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Prius or Pickup?: How the Answers to Four Simple Questions Explain America's Great Divide by Marc Hetherington and Jonathan Weiler

Published in October of 2018.

Let’s start this review of Prius or Pickup? by stealing the questions that motivated the book:

Although there are a number of qualities that people feel children should have, every person thinks that some are more important than others. I am going to read you pairs of desirable qualities. Please tell me which one you think is more important for a child to have.

  1. Independence versus respect for elders
  2. Obedience versus self-reliance
  3. Curiosity versus good manners
  4. Being considerate versus being well behaved

According to political scientists Hetherington and Weiler, how you answer these questions will better explain your political affiliation than how you think about the government’s role in healthcare or the economy.

Voting is not driven by a rational cost/benefit analysis of the issues, and a decision about where one’s self-interests and beliefs best align with a party or a candidate. Rather, we vote on the basis of our worldviews.

Some of us have a more fixed mindset, where our primary concerns revolve around stability, security, predictability, and definite standards.

Others of us have a more fluid worldview, where we prioritize progress and are willing to navigate complexity and embrace nuance.

The question that Hetherington and Weiler ask in Prius or Pickup? is if those with fixed and fluid worldviews can find common political ground? Can those who voted Republican and those who voted Democrat in the 2016 presidential election find a way understand, and maybe even empathize, with each other?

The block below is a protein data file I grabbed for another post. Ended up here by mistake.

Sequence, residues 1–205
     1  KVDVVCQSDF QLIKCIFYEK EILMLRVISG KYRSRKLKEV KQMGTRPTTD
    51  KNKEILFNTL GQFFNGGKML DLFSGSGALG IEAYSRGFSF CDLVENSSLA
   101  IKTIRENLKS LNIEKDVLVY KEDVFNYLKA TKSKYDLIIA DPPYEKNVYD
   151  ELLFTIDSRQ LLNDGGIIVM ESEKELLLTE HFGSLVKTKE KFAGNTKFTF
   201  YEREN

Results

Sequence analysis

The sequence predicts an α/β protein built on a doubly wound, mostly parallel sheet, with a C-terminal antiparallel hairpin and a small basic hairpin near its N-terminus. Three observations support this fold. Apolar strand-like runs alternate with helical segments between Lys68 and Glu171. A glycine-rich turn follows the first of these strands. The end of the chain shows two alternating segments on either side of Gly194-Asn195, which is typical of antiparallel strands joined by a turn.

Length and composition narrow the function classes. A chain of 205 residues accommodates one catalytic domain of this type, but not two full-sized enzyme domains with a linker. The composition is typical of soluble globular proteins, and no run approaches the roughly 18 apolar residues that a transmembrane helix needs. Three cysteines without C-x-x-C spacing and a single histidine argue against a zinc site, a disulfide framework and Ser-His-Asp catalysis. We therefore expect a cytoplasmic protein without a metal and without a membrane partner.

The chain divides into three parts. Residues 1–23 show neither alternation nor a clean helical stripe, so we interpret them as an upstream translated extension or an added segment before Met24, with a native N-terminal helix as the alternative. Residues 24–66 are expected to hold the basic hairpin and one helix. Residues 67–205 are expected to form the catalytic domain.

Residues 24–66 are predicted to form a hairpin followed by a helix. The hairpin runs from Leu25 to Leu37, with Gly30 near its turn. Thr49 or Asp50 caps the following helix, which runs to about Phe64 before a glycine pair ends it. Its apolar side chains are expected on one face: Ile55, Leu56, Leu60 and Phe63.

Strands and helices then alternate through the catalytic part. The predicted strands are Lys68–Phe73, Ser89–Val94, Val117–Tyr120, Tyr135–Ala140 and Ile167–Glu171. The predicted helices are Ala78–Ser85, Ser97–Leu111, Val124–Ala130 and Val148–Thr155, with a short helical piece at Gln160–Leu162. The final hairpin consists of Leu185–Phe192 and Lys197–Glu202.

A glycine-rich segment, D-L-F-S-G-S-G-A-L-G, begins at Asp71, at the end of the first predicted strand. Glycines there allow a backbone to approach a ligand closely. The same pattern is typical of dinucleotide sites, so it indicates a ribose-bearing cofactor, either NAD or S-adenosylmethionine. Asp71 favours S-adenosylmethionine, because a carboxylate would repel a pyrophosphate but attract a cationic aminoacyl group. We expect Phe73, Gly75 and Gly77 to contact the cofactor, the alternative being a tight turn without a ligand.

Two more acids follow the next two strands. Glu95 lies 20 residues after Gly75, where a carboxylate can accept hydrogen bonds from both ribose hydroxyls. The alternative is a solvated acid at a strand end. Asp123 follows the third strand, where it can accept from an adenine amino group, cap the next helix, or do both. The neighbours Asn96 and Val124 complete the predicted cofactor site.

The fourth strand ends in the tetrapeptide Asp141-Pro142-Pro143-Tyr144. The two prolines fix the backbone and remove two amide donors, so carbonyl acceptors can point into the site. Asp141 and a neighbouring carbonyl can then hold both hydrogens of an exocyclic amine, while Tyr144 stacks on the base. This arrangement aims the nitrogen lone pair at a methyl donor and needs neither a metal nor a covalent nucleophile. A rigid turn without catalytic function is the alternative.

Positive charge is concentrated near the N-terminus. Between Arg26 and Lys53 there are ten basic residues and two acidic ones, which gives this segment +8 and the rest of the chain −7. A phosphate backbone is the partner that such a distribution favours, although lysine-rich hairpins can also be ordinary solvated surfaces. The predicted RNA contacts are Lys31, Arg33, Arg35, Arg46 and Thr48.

I would very much like our IHE community to be a place that welcomes higher ed people with diverse worldviews.

There is always lots of discussion about the liberal bias of professors. My sense is that the story is a bit more complicated, but that faculty worldviews are not as heterogeneous as the population as a whole.  

What I also think is that higher ed is made up of more than professors. I’ve spent a couple of decades working in and around educational technology, and I can tell you that there is a broad spectrum of worldviews and political affiliations of members of this profession.

I have a hypothesis that Republican women are strongly represented in educational IT. There is also a strong strain of libertarian thinking among higher ed technologists.

I’d say that more of my edtech colleagues drive pickups than Priuses (or is it Prii?), but maybe that is a small New England college town thing.

If you answered: 1) “elders” 2) “obedience” 3) “good manners” or 4) “well behaved” to any of the questions above, do you feel that IHE is a supportive community?

Do you feel that you fit in well at your campus and in your higher ed profession?

If Prius or Pickup? had come out before November 2016 then its authors would have been called geniuses. If I had read this book in October of 2016, perhaps I would not have been so surprised in November.

As it stands, reading this book has me more worried not less about November 2018 and November 2020.

What are you reading?

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